25. The technical challenges Designers, manufacturers and test houses have put off any involvement with the 3rdEdition as long as possible. There was hope that the standard would not be harmonised but it was. Another reason is that (TÜV has found) the testing time and the testing costs are about 70% greater than the 2nd Edition.

  26. The technical challenges Apart from the increase in the number of tests, the new mechanical tests where applicable and the complexity of the standard, there is also a RM file to assess and test parameters to adjust in the light of the RM file. A number of the superficially similar requirements have detail changes and therefore do not map directly across from 2nd to 3rdEds

  27. The technical challenges 2 Are there any advantages to the 3rd Ed? In general power supplies approved to 60950 can be used and more substantial filters are allowed to help with EMC compliance. Battery circuits and charging arrangements have been clarified In the test voltage tables, it is now acceptable to interpolate between values.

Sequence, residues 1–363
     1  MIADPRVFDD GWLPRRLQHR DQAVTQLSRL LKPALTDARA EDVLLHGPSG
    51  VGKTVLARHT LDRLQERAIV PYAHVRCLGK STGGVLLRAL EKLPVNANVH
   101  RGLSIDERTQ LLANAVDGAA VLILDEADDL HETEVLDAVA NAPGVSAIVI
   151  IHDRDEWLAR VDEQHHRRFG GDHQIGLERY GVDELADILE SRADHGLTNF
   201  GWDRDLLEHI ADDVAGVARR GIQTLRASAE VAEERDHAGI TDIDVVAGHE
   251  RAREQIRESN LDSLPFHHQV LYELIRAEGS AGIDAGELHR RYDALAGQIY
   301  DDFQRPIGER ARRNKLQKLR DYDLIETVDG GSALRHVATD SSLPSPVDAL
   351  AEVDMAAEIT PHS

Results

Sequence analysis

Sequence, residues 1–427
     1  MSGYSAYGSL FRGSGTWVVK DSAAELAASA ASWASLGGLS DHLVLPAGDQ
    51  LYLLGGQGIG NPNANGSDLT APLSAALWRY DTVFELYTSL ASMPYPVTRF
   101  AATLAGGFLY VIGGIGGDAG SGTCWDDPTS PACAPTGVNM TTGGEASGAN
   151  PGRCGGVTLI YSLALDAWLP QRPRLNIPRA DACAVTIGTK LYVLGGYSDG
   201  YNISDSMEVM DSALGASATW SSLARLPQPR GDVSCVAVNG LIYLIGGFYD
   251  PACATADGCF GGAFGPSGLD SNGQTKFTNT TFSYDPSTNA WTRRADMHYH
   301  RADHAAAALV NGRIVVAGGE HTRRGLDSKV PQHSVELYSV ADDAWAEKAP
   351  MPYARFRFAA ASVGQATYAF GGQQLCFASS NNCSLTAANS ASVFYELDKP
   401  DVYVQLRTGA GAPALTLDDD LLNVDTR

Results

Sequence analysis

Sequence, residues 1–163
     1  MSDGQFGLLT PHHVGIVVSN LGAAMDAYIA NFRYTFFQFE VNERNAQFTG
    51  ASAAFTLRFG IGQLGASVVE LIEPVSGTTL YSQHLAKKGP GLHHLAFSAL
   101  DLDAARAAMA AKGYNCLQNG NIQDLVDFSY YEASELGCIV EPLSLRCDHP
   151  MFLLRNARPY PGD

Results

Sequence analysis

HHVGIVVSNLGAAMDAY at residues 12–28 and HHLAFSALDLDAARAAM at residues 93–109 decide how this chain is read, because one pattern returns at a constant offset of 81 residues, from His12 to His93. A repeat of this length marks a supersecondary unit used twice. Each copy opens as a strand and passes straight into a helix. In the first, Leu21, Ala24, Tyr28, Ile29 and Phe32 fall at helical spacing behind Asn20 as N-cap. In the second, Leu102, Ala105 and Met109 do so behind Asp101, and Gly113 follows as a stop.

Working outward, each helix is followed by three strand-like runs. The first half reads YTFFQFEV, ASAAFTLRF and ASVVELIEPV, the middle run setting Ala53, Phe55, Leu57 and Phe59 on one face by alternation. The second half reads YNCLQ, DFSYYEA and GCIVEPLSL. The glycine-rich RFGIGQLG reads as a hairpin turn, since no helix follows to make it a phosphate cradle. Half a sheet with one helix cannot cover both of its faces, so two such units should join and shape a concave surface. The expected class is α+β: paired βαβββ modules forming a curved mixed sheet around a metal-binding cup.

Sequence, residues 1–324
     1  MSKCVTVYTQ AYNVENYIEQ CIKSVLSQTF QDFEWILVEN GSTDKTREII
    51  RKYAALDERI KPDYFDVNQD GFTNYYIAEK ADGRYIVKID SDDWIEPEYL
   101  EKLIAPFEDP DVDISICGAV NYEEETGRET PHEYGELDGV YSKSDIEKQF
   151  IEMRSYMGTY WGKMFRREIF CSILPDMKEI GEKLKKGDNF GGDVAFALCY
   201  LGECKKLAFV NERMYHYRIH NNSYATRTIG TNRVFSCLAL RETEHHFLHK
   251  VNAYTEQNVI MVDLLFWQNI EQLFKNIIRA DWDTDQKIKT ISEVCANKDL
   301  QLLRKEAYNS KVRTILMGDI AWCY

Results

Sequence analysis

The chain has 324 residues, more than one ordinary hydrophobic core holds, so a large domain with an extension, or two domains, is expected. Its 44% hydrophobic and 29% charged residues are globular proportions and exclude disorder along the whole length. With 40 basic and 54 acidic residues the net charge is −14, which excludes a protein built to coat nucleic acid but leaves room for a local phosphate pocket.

28. The technical challenges 2 Are there any advantages to the 3rd Ed? Mechanical safety covered. Detailed and explicit Guidance and Rationale (in line with recent IEC standards policy) Note: Parts of previous versions of 60601-1 have been inappropriately used for routine production testing and testing following servicing or repair. The 3rd Ed is even less suitable for these applications. Now covered by a specific standard, IEC 62353.

  29. Timing and implementation • 60601-1:2005. Background and what went into it • 60601-1:2005. The major changes • Update on the collaterals • The technical challenges • The timing and implementation challenges • The cost challenges